In another aspect, the invention features an isolated, i.e., ex vivo, vascular tissue including a first region treated with a surface modifying composition and a second region substantially devoid of modification by the surface modifying composition. The surface modifying composition can include, for example, a calcification inhibiting composition such as polyvalent metal cations, an antimicrobial composition, a fixation composition, and/or a decellularization composition such as a composition of digestive enzymes. The first region and/or the second region can be a flow region. Alternatively, the first and second regions can be opposite sides of a sheet material.
In another aspect, the invention features a vascular tissue having an outer decellularized portion and an inner portion substantially devoid of decellularization.
In another aspect, the invention features a vascular tissue having an outer decellularized portion and an inner decellularized portion comprising leaflets, said leaflets substantially maintaining the mechanical properties of the native leaflets.
FIG. 1 is a schematic representation of an apparatus of the invention.
FIG. 2 is a sectional view of a first support and a second support of the apparatus of FIG. 1 attached to a medical device, where the cross section is taken through the axis passing through the center of the supports.
FIG. 3 is a side view of the first support of the apparatus of FIG. 1 with internal passages indicated with dotted lines.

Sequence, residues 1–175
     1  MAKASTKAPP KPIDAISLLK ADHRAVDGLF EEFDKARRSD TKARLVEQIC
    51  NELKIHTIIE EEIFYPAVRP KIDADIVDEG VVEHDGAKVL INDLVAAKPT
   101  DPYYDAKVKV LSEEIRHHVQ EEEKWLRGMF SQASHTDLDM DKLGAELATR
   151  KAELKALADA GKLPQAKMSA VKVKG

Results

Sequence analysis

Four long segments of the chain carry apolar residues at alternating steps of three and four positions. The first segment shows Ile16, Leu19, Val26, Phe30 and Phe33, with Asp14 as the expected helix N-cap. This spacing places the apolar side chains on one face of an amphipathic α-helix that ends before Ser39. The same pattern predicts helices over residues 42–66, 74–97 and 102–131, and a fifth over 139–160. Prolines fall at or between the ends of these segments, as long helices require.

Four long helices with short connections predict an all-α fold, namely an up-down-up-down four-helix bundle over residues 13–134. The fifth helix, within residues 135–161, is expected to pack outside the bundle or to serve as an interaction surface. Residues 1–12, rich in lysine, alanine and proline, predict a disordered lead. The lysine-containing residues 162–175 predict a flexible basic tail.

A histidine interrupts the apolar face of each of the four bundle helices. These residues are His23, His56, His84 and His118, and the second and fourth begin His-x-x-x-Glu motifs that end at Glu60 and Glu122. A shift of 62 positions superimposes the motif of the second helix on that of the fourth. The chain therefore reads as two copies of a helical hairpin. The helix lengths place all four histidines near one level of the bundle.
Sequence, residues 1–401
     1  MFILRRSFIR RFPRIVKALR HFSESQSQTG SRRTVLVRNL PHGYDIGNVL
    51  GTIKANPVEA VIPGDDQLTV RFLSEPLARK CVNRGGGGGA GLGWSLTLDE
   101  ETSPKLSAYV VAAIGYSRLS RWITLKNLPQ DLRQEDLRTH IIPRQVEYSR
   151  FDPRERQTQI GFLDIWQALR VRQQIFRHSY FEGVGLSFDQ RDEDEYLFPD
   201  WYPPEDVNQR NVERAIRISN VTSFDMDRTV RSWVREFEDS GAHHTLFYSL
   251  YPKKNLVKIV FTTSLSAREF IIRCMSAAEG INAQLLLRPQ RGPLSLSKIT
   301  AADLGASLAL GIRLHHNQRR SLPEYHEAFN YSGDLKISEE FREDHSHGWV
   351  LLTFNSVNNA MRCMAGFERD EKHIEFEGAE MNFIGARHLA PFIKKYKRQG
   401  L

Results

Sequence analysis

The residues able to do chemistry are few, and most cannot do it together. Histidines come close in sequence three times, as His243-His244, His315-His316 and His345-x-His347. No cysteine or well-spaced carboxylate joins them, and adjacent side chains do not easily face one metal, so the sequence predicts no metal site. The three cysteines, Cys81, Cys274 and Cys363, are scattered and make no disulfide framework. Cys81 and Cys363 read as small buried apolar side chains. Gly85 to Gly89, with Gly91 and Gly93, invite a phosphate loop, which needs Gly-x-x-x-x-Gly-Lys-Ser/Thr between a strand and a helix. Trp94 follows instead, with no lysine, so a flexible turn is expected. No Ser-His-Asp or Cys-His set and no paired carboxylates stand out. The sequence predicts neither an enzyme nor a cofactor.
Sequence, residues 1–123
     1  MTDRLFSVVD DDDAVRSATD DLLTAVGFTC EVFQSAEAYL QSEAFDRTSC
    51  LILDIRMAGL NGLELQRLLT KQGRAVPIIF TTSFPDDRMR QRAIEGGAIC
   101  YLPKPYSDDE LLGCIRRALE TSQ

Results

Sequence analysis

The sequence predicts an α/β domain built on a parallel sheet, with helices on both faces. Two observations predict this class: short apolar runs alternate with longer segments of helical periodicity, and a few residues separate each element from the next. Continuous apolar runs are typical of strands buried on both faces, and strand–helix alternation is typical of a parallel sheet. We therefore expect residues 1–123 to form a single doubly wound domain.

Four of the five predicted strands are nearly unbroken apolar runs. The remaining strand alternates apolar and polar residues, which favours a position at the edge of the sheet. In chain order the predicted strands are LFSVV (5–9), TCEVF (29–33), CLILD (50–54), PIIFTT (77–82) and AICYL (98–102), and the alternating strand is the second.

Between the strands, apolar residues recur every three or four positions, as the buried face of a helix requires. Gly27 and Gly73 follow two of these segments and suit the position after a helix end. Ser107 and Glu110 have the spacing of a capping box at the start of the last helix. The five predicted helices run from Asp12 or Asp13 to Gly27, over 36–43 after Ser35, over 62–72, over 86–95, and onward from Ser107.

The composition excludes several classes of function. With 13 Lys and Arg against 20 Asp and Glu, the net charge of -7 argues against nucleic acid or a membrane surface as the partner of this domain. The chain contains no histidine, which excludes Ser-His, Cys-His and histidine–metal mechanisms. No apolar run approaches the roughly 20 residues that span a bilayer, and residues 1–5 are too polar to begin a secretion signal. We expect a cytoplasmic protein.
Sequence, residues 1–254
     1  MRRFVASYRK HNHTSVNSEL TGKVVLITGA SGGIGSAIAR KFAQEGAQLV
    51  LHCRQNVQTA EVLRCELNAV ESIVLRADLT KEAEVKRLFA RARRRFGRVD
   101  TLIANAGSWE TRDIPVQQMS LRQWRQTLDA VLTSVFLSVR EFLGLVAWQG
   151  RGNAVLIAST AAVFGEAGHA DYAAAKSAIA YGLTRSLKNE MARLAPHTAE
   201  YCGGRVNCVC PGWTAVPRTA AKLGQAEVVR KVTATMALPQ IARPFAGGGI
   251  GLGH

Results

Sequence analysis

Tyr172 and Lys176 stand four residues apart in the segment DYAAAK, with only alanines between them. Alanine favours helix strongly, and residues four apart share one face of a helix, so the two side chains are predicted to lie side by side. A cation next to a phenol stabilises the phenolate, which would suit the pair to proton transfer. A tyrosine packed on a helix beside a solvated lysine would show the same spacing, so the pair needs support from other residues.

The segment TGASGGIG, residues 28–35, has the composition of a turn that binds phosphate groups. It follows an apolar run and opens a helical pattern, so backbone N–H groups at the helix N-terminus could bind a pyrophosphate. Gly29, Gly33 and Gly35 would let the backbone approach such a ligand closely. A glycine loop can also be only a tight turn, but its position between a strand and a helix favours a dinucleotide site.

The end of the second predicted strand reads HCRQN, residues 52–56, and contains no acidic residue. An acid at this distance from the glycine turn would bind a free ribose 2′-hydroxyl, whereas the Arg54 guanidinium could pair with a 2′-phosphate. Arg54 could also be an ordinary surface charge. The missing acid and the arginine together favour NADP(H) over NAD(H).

FIG. 4 is a side view of the second support of the apparatus of FIG. 1 with an internal passage indicated with a dotted line.
FIG. 5 is a perspective view of the second support of FIG. 1.
FIG. 6 is a sectional view of an alternative embodiment of a support system, where the section is taken through the axis running through the center of the supports.
FIG. 7 is a perspective view of another alternative embodiment of a support system attached to a medical device.
FIG. 8 is a sectional view of the support system of FIG. 7 taken along lines 8--8 of FIG. 7.
FIG. 9 is a fragmentary, perspective view of an alternative embodiment of the fluid conduit system attached to a medical device.
FIG. 10 is a fragmentary, sectional view of the fluid conduit system of FIG. 9 taken along lines 10--10 of FIG. 9.
FIG. 11 is a sectional view of the fluid conduit system of FIG. 9 taken along the same view as FIG. 10.
FIG. 12 is a perspective view of a plug that can be used along with the fluid conduit system of FIG. 9.
FIG. 13 is a perspective view of a skirt that can be used along with the fluid conduit system of FIG. 9.
FIG. 14 is a schematic representation of an alternative embodiment of an apparatus of the invention.
FIG. 15 is a side view of a sprayer of the apparatus of FIG. 14.
FIG. 16 is a perspective view of the sprayer of FIG. 15.
FIG. 17 is a sectional view of the sprayer of FIG. 15 taken along lines 17--17 of FIG. 15.
FIG. 18 is a perspective view of an alternative embodiment of the invention for the differential treatment of a device including a portion of sheet material, where the container is displayed as transparent.